WASHINGTON, D.C. — Later today, nine Republican representatives will campaign to be the latest nominee for speaker of the U.S. House of Representatives. The House has been without a speaker for 20 days and after three failed speaker votes last week, the process is about to begin again.
The latest slate of contenders takes after the previous two nominees Reps. Steve Scalise (La.) and Jim Jordan (Ohio), both of whom voted twice to overturn the 2020 presidential results on Jan. 6, 2021. Unlike Scalise and Jordan, however, these representatives lack the same level of national notoriety, though they are no less dangerous to democracy.
The candidates are Reps. Jack Bergman (Mich.), Byron Donalds (Fla.), Tom Emmer (Minn.), Kevin Hern (Okla.), Mike Johnson (La.), Dan Meuser (Pa.), Gary Palmer (Ala.), Austin Scott (Ga.) and Pete Sessions (Texas). In 2020, all nine supported efforts to disenfranchise millions of Americans and inhibit the peaceful transfer of power.
Three-quarters of the candidates objected to certifying the 2020 presidential election results.
On Jan. 6, 2021, seven of the nine potential nominees objected to counting President Joe Biden’s 2020 electoral votes: Reps. Bergman, Donalds, Hern, Johnson, Meuser, Palmer and Sessions.
Not only did the overwhelming majority of current speaker candidates oppose the certification of the 2020 election, but all seven — except for Meuser — objected twice, even after the violent insurrection at the Capitol earlier that day.
Though Emmer and Scott did not publicly object to the results on Jan. 6, it’s not because they are champions of democracy. The two signaled their objections to the 2020 presidential election in court filings in early December.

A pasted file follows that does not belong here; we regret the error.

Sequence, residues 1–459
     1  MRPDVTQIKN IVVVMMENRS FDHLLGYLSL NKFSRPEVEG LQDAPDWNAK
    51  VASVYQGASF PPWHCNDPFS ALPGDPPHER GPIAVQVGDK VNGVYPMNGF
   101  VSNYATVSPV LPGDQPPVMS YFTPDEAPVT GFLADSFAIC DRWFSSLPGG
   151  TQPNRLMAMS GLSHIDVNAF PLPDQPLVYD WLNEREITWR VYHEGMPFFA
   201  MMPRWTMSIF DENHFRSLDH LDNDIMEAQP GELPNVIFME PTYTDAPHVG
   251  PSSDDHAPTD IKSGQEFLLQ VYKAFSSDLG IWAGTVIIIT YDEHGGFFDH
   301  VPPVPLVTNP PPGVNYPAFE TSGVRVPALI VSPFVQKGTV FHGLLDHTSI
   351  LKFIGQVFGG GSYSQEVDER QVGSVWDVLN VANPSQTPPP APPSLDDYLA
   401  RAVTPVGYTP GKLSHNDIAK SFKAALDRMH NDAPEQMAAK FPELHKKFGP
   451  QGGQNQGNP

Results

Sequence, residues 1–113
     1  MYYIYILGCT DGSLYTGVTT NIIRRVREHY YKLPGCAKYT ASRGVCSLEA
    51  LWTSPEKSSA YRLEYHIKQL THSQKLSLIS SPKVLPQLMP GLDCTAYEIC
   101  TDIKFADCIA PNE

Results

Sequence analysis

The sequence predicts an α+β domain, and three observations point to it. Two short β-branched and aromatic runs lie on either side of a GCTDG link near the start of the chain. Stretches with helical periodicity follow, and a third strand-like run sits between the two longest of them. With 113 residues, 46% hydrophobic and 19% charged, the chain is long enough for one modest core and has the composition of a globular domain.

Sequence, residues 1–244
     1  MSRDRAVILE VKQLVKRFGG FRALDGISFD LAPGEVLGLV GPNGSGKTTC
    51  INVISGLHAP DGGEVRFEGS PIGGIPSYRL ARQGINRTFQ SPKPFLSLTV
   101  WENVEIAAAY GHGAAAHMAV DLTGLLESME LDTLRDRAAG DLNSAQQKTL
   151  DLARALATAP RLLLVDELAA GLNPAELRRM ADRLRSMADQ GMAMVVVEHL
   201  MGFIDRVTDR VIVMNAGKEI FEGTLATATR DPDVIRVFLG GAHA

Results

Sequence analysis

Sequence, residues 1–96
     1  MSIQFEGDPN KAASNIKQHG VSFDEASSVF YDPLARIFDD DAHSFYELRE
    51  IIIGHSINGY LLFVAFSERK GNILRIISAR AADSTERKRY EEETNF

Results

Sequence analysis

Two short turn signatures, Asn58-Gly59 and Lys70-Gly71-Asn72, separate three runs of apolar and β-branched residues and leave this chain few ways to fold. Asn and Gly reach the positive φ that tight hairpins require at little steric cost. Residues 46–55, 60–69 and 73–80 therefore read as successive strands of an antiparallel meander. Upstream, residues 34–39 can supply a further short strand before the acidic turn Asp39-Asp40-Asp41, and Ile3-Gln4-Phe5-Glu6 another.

Seven of the nine speaker hopefuls supported Texas’ lawsuit that sought to invalidate the 2020 election results in Georgia, Michigan, Pennsylvania and Wisconsin.
In December 2020, the state of Texas filed a lawsuit against four battleground states — Georgia, Michigan, Pennsylvania and Wisconsin — seeking to invalidate their election results. Just three days later, 106 members of Congress signed onto a “friend-of-the-court” amicus brief supporting this “audacious effort” to enlist the U.S. Supreme Court to help subvert democracy. The Court denied the request for lack of standing.
Seven of the nine potential nominees signed the brief: Bergman, Emmer, Hern, Johnson, Meuser, Palmer and Scott.
By attaching their names to the amicus brief, these representatives were emboldening the effort to disenfranchise more than 20 million voters across Georgia, Michigan, Pennsylvania and Wisconsin — all four of which went for Biden in 2020.
The Republican Party’s commitment to election denialism is on full display as the race for a new speaker proceeds. The nine current candidates and the two failed nominees all joined former President Donald Trump’s effort to overturn a free and fair election. Additionally, all of the candidates have supported a sweeping voter suppression bill rooted in conspiracy theories and have voted against recent federal voting rights legislation, including the For The People Act and John R. Lewis Voting Rights Advancement Act. Donalds went so far as to call the For The People Act a “blatant assault on the Constitution.”
Highlighting their commitment to the various attacks on American democracy is especially important as the speaker of the House is second in the presidential line of succession.